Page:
Graduation Semester and Year

2018

Language

English

Document Type

Dissertation

Degree Name

Doctor of Philosophy in Chemistry

Department

Chemistry and Biochemistry

First Advisor

Jongyun Heo

Abstract

The Ras superfamily of small GTPases are monomeric proteins that bind guanine nucleotides, and regulate many cellular signaling pathways. They function as molecular switches by shuttling between active GTP-bound and inactive GDP-bound states. The Ras superfamily consists of its subfamilies including Ras and Rho GTPases. Ras and Rho GTPases function to regulate cellular growth, transformation, transport, motility, traffic, and adhesion. Small GTPases reactions often require regulators, such as guanine nucleotide exchange factors (GEFs) and GTPase Activating Proteins (GAPs). GEFs mediate fast release of GDP and allow loading with GTP while GAPs accelerate the GTP hydrolysis to GDP. Redox agents also are capable to regulate Ras and Rho GTPases by targeting unique redox sensitive motifs that include NKCD and GXXXXGK(S/T)C. This thesis focuses on the cysteine (Cys) modification of GXXXXGK(S/T)C motif and how it affects cellular functions of Rho proteins. The inactivation mechanism of two redox-sensitive Rho GTPases, Ras-related C3 botulinum toxin substrate 1 (Rac1) and Ras homolog gene family member A (RhoA), is investigated. Many studies have shown that Rac1 is essential for cell transformation, tumor cell invasion, and metastasis. This study shows that thiopurine prodrugs (TPs) in combination with a redox agent effectively inhibit the metastasis of Rac1-overexpressed prostate cancer cells. The molecular mechanism for Rac1 inactivation via its redoxsensitive residue Cys18 and TPs-mediated treatment is also proposed. RhoA possesses Cys16 in addition to the redox-sensitive Cys20 in the GXXXXGK(S/T)C motif, where both Cys16 and Cys20 are confirmed to be redox-sensitive in GXXXC16GK(S/T)C20. Chapter 3 examines the possibility of inactivating RhoA by targeting Cys16 and Cys20. Phenylarsine Oxide (PAO) and 15-deoxy-Δ12,14-prostaglandin J2 (15d-PGJ2) are thiol cross-linking reagents that oxidize vicinal thiols. During this study, PAO and 15d-PGJ2 significantly diminished the migration of breast cancer cells that overexpress RhoA GTPase. It was suggested that PAO and 15d-PGJ2 specifically target Cys16 and Cys20 side chains of RhoA, resulting in inactivation of RhoA protein and blockage in metastasis. The findings of this research reveal the therapeutic potentials of TPs, PAO, and 15d-PGJ2 that target the redox sensitive cysteines of Rac1 and RhoA.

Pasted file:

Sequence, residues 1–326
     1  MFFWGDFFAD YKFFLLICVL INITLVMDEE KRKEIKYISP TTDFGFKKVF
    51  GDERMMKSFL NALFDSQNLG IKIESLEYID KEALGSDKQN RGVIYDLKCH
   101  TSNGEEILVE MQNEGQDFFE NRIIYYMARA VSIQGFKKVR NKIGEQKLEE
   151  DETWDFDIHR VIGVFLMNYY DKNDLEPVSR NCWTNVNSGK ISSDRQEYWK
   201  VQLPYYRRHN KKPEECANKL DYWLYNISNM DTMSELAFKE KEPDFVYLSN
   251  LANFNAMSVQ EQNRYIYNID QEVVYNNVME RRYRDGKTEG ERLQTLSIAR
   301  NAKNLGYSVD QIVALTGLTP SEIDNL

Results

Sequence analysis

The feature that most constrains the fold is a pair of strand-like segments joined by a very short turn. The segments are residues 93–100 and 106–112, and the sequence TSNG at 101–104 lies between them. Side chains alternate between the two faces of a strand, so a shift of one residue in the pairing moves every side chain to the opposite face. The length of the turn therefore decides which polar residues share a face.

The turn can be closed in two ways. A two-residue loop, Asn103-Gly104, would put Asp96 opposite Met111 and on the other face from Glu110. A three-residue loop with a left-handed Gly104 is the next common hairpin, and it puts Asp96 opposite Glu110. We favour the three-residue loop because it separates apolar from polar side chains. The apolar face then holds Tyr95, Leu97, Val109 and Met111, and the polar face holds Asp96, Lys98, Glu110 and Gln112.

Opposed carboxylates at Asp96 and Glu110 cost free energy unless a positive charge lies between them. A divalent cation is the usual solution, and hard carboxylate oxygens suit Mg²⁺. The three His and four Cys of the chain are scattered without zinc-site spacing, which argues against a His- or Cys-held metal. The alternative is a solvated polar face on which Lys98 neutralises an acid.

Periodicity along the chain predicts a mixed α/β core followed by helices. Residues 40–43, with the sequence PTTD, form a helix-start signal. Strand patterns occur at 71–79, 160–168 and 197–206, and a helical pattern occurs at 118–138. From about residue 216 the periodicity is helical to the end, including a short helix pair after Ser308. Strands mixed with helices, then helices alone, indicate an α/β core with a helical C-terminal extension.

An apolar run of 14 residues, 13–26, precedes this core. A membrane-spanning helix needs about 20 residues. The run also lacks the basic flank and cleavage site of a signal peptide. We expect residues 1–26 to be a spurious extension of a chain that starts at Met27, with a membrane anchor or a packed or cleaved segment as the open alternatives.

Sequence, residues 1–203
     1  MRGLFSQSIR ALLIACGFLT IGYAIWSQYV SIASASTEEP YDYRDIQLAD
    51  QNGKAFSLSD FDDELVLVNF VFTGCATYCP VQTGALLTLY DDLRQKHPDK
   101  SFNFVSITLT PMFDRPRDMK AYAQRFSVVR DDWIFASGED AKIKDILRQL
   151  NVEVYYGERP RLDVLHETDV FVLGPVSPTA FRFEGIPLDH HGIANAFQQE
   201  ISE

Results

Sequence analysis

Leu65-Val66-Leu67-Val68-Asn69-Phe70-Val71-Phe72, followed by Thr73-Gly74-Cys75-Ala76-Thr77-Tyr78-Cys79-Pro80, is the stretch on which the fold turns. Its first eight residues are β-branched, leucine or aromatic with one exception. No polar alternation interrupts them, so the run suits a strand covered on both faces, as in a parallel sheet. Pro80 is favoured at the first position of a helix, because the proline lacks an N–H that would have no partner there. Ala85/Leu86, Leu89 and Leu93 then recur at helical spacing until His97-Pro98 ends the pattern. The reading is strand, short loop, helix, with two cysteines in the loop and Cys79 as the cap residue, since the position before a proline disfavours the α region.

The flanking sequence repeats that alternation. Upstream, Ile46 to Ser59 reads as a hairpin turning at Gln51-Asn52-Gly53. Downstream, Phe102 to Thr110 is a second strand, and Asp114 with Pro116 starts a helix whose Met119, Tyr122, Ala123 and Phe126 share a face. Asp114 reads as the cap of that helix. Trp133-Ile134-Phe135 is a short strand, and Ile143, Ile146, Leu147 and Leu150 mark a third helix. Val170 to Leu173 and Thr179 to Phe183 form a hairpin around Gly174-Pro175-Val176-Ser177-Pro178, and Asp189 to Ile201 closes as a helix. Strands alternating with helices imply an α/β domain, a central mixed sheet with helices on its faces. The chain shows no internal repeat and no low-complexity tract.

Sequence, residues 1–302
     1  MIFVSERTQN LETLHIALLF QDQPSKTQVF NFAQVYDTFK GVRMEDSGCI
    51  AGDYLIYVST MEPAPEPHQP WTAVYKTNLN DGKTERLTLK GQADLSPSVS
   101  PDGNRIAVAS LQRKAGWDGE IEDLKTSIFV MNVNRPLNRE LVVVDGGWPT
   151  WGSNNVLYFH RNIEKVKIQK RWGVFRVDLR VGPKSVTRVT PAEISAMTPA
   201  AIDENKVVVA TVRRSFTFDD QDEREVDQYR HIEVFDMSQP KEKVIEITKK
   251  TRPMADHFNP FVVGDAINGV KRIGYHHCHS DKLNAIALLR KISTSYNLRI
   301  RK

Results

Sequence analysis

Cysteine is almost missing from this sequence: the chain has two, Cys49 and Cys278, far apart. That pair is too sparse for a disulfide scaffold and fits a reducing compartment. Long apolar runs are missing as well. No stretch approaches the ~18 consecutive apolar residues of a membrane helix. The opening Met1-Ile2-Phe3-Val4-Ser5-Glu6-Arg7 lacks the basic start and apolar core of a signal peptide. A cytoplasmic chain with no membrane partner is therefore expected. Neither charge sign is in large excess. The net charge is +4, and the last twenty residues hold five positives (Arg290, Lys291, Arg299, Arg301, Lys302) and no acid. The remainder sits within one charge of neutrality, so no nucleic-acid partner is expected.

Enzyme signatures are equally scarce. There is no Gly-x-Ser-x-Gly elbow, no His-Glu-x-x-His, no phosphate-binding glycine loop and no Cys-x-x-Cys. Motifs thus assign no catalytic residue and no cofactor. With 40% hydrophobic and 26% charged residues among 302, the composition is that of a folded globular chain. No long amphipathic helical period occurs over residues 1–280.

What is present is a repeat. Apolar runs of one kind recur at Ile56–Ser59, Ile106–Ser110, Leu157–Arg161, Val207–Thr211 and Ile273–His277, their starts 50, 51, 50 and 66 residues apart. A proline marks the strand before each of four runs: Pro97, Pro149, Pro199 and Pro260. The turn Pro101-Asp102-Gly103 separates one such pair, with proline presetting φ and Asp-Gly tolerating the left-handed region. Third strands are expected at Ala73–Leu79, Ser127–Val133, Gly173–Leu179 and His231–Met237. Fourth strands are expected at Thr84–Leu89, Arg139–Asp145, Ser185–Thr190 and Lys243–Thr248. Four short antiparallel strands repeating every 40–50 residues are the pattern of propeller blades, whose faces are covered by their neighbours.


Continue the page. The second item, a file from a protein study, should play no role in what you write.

Keywords

Metastasis, Rho GTPases, Redox regulation, Redox-sensitive GXXXXGK(S/T)C motif, Thiopurine prodrugs, Disulfide, Vicinal cysteines

Disciplines

Chemistry | Physical Sciences and Mathematics

Comments

Degree granted by The University of Texas at Arlington

Included in

Chemistry Commons

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